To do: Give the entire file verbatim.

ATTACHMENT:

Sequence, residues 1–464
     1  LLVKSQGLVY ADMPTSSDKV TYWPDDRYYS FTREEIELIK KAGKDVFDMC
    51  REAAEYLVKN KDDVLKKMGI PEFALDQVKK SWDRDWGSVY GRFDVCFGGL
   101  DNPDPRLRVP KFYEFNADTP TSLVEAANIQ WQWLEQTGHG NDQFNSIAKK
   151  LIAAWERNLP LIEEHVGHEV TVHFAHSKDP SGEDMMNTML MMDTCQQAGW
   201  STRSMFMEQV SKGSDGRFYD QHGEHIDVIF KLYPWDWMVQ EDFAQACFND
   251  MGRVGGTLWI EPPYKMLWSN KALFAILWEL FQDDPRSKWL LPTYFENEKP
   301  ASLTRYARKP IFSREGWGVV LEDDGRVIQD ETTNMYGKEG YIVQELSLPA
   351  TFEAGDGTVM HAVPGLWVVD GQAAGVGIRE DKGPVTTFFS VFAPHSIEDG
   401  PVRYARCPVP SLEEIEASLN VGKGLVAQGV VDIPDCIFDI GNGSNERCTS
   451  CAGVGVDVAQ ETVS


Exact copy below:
Sequence, residues 1–464
     1  LLVKSQGLVY ADMPTSSDKV TYWPDDRYYS FTREEIELIK KAGKDVFDMC
    51  REAAEYLVKN KDDVLKKMGI PEFALDQVKK SWDRDWGSVY GRFDVCFGGL
   101  DNPDPRLRVP KFYEFNADTP TSLVEAANIQ WQWLEQTGHG NDQFNSIAKK
   151  LIAAWERNLP LIEEHVGHEV TVHFAHSKDP SGEDMMNTML MMDTCQQAGW
   201  STRSMFMEQV SKGSDGRFYD QHGEHIDVIF KLYPWDWMVQ EDFAQACFND
   251  MGRVGGTLWI EPPYKMLWSN KALFAILWEL FQDDPRSKWL LPTYFENEKP
   301  ASLTRYARKP IFSREGWGVV LEDDGRVIQD ETTNMYGKEG YIVQELSLPA
   351  TFEAGDGTVM HAVPGLWVVD GQAAGVGIRE DKGPVTTFFS VFAPHSIEDG
   401  PVRYARCPVP SLEEIEASLN VGKGLVAQGV VDIPDCIFDI GNGSNERCTS
   451  CAGVGVDVAQ ETVS